I like to climb rocks. Sometimes I question the sanity of climbing rocks for fun because I’m not sure if it’s for the challenge or if it’s just that I have to much idle time on my hands or simply because the rocks are there. At any rate Paul and I found ourselves headed for the Gower Peninsula in South Wales to climb the Three Cliffs.

The Gower Peninsula is a fifteen-mile-long stretch of undulating limestone that faces the Bristol Channel just to west of Swansea. The peninsula is dotted with yellow sandy beaches and bays with a multitude of precipitous cliffs. I had never climbed a sea cliff before, so was looking forward to combining two things I am naturally attracted to – the sea and rocks.

It seems always on the drive down to these adventures, we invariably end up questioning why we continue to work in the corporate saltmines when we should be chasing a life of adventure and meaning instead of lining some fat cat’s pockets with cash. To day was no different.

We couldn’t have asked for a better day. In fact I had to pinch myself to see if I was dreaming…sunny and warm…in Wales…in Feburary? Can’t be. Yet there we were in t-shirts preparing to climb sections of the Three Cliffs.

Our first climb was long but easy. The climb took us up a route called the Plumb Line, which is rated as a VDiff. It felt good to be gripping some warm rock and hauling myself up to the sounds of the waves breaking on the shore. This definately beat, pushing paper in the office.

Paul is a more aggressive climber than I am. On our second climb of the day, he wanted to have a go at a line called Scavenger. I didn’t like the look of it and if it had been up to me, I would not have attempted it. I derive my pleasure from the feel of the rock, not the challenge of overcoming a difficult problem. The isolated position on the rock can have a very zen-like feel, but its hard to get that feeling when you are literally hanging by the skin of your fingers thinking am I going to fall.

Paul wanted to have a go, so I took the position of seconding his lead. Paul started up Scavenger. He reached the face placement of gear with no issues. On the way up to his third placement, his second piece of gear fell out. If he slipped now, he would have a long way to fall before being caught. Not to much of a problem as long as his first only placement at this point was good enough take his weight in a fall. My palms began to sweat as I watch Paul scurrying to find a crack to place some more protection. It didn’t help that his legs were getting tired and visibly beginning to shake. I was silently chanting to myself, place some gear Paul, place some gear. Finally, he found a crack, placed some protection and clipped in.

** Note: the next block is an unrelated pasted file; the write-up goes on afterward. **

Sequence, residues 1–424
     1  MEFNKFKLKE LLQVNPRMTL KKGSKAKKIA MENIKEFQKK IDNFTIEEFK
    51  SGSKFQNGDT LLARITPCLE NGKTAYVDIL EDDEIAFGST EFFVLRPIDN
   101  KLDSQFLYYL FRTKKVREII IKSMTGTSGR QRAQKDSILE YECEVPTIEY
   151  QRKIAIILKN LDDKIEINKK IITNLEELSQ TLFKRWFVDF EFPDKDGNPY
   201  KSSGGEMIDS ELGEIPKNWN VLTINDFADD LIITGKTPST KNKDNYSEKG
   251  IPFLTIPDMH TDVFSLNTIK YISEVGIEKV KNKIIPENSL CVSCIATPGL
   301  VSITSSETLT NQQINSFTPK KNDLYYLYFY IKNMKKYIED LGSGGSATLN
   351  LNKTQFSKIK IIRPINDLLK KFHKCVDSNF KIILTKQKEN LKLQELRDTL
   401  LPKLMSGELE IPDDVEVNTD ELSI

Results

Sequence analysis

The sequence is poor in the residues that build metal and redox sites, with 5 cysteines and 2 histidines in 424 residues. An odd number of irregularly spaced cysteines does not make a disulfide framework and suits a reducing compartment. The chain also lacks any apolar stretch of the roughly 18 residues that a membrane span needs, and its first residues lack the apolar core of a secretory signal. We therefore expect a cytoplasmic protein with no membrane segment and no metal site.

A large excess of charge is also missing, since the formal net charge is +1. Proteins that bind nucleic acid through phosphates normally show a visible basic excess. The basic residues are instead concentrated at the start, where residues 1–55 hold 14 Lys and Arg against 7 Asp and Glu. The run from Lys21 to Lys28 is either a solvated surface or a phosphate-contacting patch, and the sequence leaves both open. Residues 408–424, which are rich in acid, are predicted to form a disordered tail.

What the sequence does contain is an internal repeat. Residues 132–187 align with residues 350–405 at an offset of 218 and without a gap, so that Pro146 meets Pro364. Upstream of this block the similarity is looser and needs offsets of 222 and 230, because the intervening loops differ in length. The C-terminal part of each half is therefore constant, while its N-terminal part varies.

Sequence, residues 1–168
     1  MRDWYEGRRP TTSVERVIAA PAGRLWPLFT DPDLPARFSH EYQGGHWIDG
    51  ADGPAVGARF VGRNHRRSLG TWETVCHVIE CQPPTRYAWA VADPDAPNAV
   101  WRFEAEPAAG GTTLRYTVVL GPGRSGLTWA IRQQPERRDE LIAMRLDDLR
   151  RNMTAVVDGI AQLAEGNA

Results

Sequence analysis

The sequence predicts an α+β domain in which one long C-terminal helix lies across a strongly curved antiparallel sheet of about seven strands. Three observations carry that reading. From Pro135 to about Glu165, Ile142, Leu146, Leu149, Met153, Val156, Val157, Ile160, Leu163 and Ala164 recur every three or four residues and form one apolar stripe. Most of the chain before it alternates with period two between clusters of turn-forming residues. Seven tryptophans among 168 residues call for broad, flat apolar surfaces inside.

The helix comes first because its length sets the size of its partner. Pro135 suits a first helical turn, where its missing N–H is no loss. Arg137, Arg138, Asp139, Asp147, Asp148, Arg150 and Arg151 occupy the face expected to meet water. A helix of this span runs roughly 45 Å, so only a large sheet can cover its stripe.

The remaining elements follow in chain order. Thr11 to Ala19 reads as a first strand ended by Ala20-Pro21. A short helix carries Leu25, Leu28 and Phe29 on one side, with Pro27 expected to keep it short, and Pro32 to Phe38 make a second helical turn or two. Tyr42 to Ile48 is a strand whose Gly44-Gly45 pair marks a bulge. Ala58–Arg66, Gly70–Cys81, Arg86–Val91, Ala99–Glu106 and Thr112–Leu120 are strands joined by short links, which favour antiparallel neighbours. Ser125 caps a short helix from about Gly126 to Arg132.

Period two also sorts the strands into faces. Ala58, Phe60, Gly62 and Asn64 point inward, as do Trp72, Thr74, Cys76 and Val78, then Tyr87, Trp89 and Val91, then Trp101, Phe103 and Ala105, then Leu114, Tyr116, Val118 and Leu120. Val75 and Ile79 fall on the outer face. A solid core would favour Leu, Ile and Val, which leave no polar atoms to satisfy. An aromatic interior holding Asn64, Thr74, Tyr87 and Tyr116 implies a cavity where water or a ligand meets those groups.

The next few moves up were equally a bit scary. Paul reached the crux and took a breather before continuing up. Another piece of gear fell out after I lost sight of Paul. Now all I could do was watch the rope and hope for the best. It was ages before I finally heard Paul shout down those sigh of relief words, “I’m safe,” which means he was tied in and ready to belay me for my climb.

Now it was my turn. The thing with Scavenger, is you really have to rely on your feet as the hand holds…well really finger holds…are small. Reaching the first two placements wasn’t to bad, but after that my hands raced to find something to grip on. Reaching the crux was difficult. I was sweating and breathing heavy. Okay time to commit. I went for it and lost my footing taking a fall. Paul caught me almost instantaneously, so I did fall far or hard. I recovered…focused…and went for it again. Success. I reached the crux and had a breather. The rest of the climb was tough but not tenuous. I reached the top breathing heavy.

Paul had a great big grin on his face and so did I. This was for me the most difficult climb i’ve done in my short climbing career. It was the perfect end to a good day. The sun hung low in the sky just shy of sunset as we headed back down to solid ground.

This a picture of the Three Cliffs with the routes outlined.

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